The selection by the US Army of Bell Textron’s V-280 Valor tiltrotor platform for its Future Long Range Assault Aircraft (FLRAA) will enable it to conduct operations with greater independence of its sister service, the US Air Force, in a significant departure of traditional operational practices.  

The US Army initiated the FLRAA programme in 2019 as part of its Future Vertical Lift (FVL) initiative to replace a portion of its assault and utility helicopter fleet. The FLRAA is intended to eventually replace the UH-60 Black Hawk helicopter, which has been in service for more than four decades. 

In a 5 December announcement, the US Army said the FLRAA platform would “expand the depth of the battlefield by extending the reach of air assault missions and enabling ground forces to converge through decentralised operations at extended distances.” 

“I am excited to be part of this momentous day for our Army,” said Doug Bush, Assistant Secretary of the Army for Acquisition, Logistics, and Technology, in a statement. “The… execution of the FLRAA programme strategy will deliver the transformational capabilities we need to support the joint force, strengthen deterrence and win in multi-domain operations.” 

Step change, new capability 

With a range of up to 800 nautical miles and supposed 280kt top speed, the down-selection of the V-280 will enable the US Army to operate “in its own tactical environment”, according to Daniel Morris, lead analyst for aerospace, defence, and security at GlobalData.  

“It means that the US Army can operate over longer distances. According to some analysts, the range and speed will allow it to ‘island hop’, which further highlights that the US military still considers China and the Pacific as its main adversary,” said Morris, adding that with the V-280 the US Army would be able to conduct tactical troop movement without relying on other services. 

However, the track record of tiltrotor use by the US Navy, US Marines, and US Air Force includes a number of fatal accidents with the V-22 Osprey aircraft, to a point at which US Marine Helicopter Squadron 1, effectively the US Presidential Flight Marine 1, does not allow the incumbent US president to fly in the platform. Instead, US presidents are still ferried by the more traditional Sikorsky S-61 helicopter.  

The next steps for the industry team behind the V-280 will be the completion of a virtual prototyping process that will directly support design, integration, training, and developmental test activities, according to the US Army. The virtual prototyping process was created as part of acquisition reforms aid at speeding up delivery timelines and approved by the US Congress.  

Morris said that the virtual prototype created by Bell Textron would be able to be modified with inputs from both test pilots and the US Army, with the first unit expected to be equipped with the V-280 FLRAA aircraft by 2030. An initial physical prototype is due to be delivered to the US Army by 2025.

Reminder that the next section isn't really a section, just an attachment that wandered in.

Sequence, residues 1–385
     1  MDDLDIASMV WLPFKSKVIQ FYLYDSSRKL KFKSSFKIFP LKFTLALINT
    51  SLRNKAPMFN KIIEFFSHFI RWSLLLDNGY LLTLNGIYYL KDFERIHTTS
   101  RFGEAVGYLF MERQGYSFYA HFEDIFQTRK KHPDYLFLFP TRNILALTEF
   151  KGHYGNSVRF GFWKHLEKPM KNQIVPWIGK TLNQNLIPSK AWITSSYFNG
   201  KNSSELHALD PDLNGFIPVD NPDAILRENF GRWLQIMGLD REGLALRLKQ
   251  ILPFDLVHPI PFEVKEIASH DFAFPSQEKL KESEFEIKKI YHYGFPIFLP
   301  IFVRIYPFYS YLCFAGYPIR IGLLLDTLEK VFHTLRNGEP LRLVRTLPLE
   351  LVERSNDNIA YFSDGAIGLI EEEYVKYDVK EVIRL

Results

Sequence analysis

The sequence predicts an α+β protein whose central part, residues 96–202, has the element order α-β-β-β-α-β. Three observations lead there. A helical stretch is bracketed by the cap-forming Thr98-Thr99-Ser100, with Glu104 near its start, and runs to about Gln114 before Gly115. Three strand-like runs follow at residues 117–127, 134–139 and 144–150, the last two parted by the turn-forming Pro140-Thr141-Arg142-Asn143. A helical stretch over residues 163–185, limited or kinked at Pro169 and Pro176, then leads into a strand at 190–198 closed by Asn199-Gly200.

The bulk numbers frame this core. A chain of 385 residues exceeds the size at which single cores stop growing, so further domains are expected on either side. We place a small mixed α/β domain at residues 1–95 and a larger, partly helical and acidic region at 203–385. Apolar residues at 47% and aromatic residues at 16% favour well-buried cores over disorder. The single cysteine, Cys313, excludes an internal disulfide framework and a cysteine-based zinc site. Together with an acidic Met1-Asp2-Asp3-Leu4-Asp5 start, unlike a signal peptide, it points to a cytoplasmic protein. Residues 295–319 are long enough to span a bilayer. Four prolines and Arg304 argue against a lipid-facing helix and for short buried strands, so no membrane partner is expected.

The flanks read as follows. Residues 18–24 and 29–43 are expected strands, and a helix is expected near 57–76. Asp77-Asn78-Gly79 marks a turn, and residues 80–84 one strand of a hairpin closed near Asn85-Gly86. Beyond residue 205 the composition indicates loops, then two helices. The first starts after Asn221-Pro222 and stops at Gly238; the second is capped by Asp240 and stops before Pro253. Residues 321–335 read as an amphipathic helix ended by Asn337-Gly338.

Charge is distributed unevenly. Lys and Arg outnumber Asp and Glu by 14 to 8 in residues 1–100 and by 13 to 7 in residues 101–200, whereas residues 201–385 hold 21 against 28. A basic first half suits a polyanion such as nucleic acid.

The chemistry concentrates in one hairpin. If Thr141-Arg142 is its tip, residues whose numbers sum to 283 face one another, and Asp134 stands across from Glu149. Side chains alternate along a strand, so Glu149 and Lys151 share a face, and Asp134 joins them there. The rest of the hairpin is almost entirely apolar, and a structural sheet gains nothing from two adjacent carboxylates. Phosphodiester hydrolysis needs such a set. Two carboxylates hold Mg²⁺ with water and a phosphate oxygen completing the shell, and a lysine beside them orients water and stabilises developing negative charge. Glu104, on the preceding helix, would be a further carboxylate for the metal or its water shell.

Of the prototyping method, Major General Walter Rugen, director of the US Army’s FVL Cross-Functional Team, said on 5 December that the “prototyping and risk-reduction efforts” allowed the US Army to “significantly reduce” the time needed to get to the down-select decision.  

Act of Defiance?

The competitor to the V-280 for the FLRAA award was the SB-1 Defiant X, produced by US aerospace and defence giants Lockheed Martin and Boeing. The equally unique co-axial concept of the Defiant X, and the smaller Raider X platform, was a design that Morris said was still “relatively new…for US helicopters.”

The Defiant (foreground) and Raider X (background) platforms are centred around the co-axial rotary design, but with the FLRAA decision all attention will likely focus on the Raider X winning the sister FARA programme. Credit: Lockheed Martin

Co-axial designs are widespread across the Russian military and its export markets, with the design offering improved hover and stability at low speeds, while also featuring the redundancy of being able to safely land should, in twin-engine configurations, the aircraft lose power in one engine, in the same way a traditional rotary helicopter could.

“I don’t expect the two largest defence aerospace manufactures in the world Lockheed and Boeing to take the news lying down and will most likely make a consorted effort to win the [FLRAA-related] Fara programme. It is also the most advanced design for the FARA programme and will have learnt a lot from their time in the FLRAA programme,” Morris said.

In addition, while the US Army was looking to move ahead with the V-280 tiltrotor, it is not expected that it will provide a one-for-one replacement to the thousands of UH-60 helicopters currently in service, with Morris stating that it was likely the US Army could retain “some form” of traditional helicopter for simpler mission requirements and maintaining force mass.

“Also, for export not all militaries will be able to afford or maintain such advance systems as the V-280 so I don’t think we have seen the end of traditional helicopters,” Morris explained.